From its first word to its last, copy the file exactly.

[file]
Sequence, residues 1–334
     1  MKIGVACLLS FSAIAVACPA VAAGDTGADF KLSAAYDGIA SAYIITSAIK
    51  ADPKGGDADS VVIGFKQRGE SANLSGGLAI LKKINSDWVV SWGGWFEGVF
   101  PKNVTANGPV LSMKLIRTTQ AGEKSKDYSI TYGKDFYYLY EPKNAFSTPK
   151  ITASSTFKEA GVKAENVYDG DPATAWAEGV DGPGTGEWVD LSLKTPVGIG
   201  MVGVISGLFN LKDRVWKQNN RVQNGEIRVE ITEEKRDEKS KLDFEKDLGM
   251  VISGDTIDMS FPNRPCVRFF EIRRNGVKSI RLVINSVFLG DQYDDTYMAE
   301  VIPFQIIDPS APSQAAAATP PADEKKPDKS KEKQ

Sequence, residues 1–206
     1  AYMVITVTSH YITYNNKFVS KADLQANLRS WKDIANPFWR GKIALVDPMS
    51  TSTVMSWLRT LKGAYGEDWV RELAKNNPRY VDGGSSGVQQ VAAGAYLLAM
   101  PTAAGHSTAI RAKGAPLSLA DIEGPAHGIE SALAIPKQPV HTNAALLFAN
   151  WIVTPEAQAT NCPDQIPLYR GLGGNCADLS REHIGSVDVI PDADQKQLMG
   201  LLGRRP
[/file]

Sequence, residues 1–334
     1  MKIGVACLLS FSAIAVACPA VAAGDTGADF KLSAAYDGIA SAYIITSAIK
    51  ADPKGGDADS VVIGFKQRGE SANLSGGLAI LKKINSDWVV SWGGWFEGVF
   101  PKNVTANGPV LSMKLIRTTQ AGEKSKDYSI TYGKDFYYLY EPKNAFSTPK
   151  ITASSTFKEA GVKAENVYDG DPATAWAEGV DGPGTGEWVD LSLKTPVGIG
   201  MVGVISGLFN LKDRVWKQNN RVQNGEIRVE ITEEKRDEKS KLDFEKDLGM
   251  VISGDTIDMS FPNRPCVRFF EIRRNGVKSI RLVINSVFLG DQYDDTYMAE
   301  VIPFQIIDPS APSQAAAATP PADEKKPDKS KEKQ

Sequence, residues 1–206
     1  AYMVITVTSH YITYNNKFVS KADLQANLRS WKDIANPFWR GKIALVDPMS
    51  TSTVMSWLRT LKGAYGEDWV RELAKNNPRY VDGGSSGVQQ VAAGAYLLAM
   101  PTAAGHSTAI RAKGAPLSLA DIEGPAHGIE SALAIPKQPV HTNAALLFAN
   151  WIVTPEAQAT NCPDQIPLYR GLGGNCADLS REHIGSVDVI PDADQKQLMG
   201  LLGRRP